Coronavirus impact continues to ripple through state elections
The coronavirus pandemic continues to ripple through the nation's electoral system.
While there's a two-week break in the presidential contest, judges and state officials have made another series of decisions in recent days designed to make voting easier and safer while the nation is largely locked down.
Registration for the next major Democratic primary, in Wisconsin, has been extended. The next two congressional special elections will be conducted by mail, and it's likely that so will much of the Ohio primary postponed last week at the final hour. The number of states with postponed presidential primaries moved toward nine. Runoffs in four states have also been delayed, while petition drives to get referendums on the ballot in two states were put on hold.
The details of these developments:
A federal judge late Friday extended the online registration deadline by a dozen days, to March 30, for people wanting to choose between former Vice President Joe Biden and Sen. Bernie Sanders on April 7.
Judge William Conley of federal District Court in Madison accepted the arguments in a lawsuit filed by the Democratic National Committee and the Wisconsin Democratic Party, who said the voting rights of those who had yet to register could be violated because state health officials were advising them to stay in their homes.
"The court cannot help but take judicial notice of the excruciating dilemma that will soon be faced by eligible voters who did not register by the March 18 deadline: either venture into public spaces, contrary to public directives and health guidelines or stay at home and lose the opportunity to vote," he wrote.
Conley denied, for now, several other requests by the Democrats, including that he temporarily suspend photo ID and proof of residency requirements for voter registration and extend the time for mailed ballots to arrive at election offices. But the judge said he would consider taking such actions if more convincing evidence is presented
Secretary of State Frank LaRose is proposing the use of absentee ballots to complete the presidential primary, delayed hours before polls were to open March 17 as anxiety intensified about the spreading coronavirus.
LaRose, a Republican, said Saturday that an absentee application could be sent quickly to every registered Ohioan who did not vote early, and that anyone who asks would get a postage-paid ballot with a submission deadline of June 2. He proposed allowing in-person voting that day, but only if the state health commissioner decreed by April 24 that it would be safe.
The plan, which has the support of GOP Gov. Mike DeWine, will need the approval of the Republican-majority General Assembly. But how the state untangles the mess caused by the election delay is likely to be determined by the courts, where numerous lawsuits have been filed.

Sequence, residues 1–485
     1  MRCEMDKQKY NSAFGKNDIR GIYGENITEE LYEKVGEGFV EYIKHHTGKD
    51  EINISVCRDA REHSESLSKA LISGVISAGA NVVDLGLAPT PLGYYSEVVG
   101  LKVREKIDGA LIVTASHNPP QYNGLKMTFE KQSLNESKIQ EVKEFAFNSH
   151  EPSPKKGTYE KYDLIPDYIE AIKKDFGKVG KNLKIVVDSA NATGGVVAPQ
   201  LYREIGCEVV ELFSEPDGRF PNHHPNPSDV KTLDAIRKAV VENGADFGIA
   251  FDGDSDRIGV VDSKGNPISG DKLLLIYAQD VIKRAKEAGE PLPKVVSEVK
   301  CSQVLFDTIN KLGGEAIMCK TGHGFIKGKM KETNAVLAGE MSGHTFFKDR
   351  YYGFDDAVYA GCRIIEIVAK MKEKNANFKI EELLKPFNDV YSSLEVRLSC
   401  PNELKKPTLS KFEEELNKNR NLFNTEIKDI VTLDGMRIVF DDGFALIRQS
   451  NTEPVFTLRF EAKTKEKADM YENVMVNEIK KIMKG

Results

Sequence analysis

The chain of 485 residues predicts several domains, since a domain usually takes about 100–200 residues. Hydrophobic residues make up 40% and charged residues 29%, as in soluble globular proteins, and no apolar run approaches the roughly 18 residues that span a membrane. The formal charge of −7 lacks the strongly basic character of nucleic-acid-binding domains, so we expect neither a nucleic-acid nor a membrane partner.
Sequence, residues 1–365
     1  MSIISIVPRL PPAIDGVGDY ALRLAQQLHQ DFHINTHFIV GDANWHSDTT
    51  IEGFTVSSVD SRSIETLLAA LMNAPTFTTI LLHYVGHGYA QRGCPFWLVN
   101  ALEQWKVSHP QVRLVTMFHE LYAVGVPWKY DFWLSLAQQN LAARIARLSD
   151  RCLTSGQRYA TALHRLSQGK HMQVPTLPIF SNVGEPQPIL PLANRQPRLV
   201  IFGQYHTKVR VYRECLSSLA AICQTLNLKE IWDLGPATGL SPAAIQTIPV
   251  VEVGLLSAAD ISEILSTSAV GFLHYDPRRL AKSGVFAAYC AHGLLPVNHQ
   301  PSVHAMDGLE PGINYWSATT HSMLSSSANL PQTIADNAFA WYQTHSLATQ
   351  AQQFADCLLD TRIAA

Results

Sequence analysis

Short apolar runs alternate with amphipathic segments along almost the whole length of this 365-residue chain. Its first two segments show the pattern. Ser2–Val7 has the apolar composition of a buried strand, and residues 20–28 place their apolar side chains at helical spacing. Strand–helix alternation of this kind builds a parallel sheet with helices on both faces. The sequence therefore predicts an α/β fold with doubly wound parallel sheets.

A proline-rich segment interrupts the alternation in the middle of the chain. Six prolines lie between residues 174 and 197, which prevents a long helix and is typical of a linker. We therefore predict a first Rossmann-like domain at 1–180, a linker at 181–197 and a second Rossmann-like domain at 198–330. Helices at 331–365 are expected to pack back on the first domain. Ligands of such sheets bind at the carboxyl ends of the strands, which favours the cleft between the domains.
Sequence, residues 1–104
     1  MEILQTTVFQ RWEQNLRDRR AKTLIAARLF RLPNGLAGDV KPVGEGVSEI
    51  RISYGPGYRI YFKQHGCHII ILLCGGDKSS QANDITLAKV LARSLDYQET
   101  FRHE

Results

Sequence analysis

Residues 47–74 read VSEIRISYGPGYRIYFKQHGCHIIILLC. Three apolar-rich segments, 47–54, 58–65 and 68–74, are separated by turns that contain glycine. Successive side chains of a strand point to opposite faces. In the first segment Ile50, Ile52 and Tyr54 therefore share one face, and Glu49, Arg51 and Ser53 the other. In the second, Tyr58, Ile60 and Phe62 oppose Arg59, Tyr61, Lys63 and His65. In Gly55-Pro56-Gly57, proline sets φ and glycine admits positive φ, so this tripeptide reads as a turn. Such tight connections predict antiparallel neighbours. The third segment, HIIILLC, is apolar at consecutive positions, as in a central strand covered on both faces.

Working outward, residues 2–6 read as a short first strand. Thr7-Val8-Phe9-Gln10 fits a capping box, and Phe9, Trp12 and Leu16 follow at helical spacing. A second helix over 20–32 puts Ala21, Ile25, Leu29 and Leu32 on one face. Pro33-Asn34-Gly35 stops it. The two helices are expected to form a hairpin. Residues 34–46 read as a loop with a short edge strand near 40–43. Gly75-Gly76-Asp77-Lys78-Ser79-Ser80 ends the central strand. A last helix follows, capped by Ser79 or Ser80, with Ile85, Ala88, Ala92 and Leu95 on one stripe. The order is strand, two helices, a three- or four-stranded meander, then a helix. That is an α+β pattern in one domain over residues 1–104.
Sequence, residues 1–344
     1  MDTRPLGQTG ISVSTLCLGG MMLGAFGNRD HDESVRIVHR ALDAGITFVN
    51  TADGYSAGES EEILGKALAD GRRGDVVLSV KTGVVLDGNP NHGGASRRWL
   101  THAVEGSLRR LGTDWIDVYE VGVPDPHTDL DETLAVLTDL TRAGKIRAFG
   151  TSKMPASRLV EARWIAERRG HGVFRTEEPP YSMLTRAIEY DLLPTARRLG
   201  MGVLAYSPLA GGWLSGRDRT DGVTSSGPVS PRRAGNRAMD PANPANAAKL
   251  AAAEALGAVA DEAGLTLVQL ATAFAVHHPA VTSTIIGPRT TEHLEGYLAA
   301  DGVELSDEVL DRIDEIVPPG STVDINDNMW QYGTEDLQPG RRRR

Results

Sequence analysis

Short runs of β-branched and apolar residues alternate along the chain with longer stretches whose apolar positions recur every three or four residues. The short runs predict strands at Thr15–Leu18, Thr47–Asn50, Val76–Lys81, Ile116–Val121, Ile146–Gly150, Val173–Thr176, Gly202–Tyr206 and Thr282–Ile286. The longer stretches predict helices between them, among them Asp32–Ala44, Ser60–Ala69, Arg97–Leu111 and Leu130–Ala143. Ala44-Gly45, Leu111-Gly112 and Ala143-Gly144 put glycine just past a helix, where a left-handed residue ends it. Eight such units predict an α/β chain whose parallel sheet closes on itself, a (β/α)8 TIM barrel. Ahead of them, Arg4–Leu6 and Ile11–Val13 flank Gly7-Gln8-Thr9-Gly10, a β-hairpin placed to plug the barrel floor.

Democratic Gov. Tom Wolfe and the GOP leaders of the General Assembly worked out an agreement over the weekend to delay the presidential primary from April 28 to June 2. At stake are 186 convention delegates. The deal, which will require legislative approval, would allow county election officials to consolidate polling places and to begin processing absentee ballots earlier.
The Rhode Island election board has recommended that Democratic Gov. Gina Raimondo declare the same five-week postponement, and she seems likely to do so.
Connecticut, Georgia, Indiana, Kentucky, Louisiana, Maryland and Ohio are the other states that have already delayed their presidential contests.
Republican Gov. Larry Hogan of Maryland and Democratic Gov. Gavin Newsom of California have both decreed that the next two special congressional elections will be conducted entirely by mail. One House contest is April 28 in Baltimore for the seat of the late Democrat Elijah Cummings, the other is May 12 in northern Los Angeles County for the seat vacated when Democrat Katie Hill resigned.
Congressional runoffs have also been delayed in four states where one round of primaries has been held but a second round is required if no candidate got a majority the first time: Alabama, Texas, Mississippi and North Carolina.
In North Carolina, where the delay pushed voting from May 12 to June 23, voters will choose a Republican candidate to replace Mark Meadows, the GOP House member tapped by President Trump as chief of staff. The Alabama GOP Senate runoff was delayed from March 31 to July 14. It pits Jeff Sessions, hoping to be a senator again after a troubled run as attorney general, against Auburn football coach Tommy Tuberville. The winner will face Democratic Sen. Doug Jones in the fall.
In the face of an April 30 deadline, the liberal group Reclaim Idaho gave up on efforts to gather signatures for a ballot measure that would have increased taxes on corporations and the rich to increase education spending. The group's request to be permitted to collect electronic signatures was rejected by GOP Gov. Brad Little.
The deadline is Sept. 4 in Oklahoma, and leaders of Oklahomans for Sentencing Reform said they may try to regenerate their campaign in the summer. But for now, they said, "the health and safety of our signature collectors and the public at large is our number one priority" and so no one will be circulating petitions for the indefinite future.
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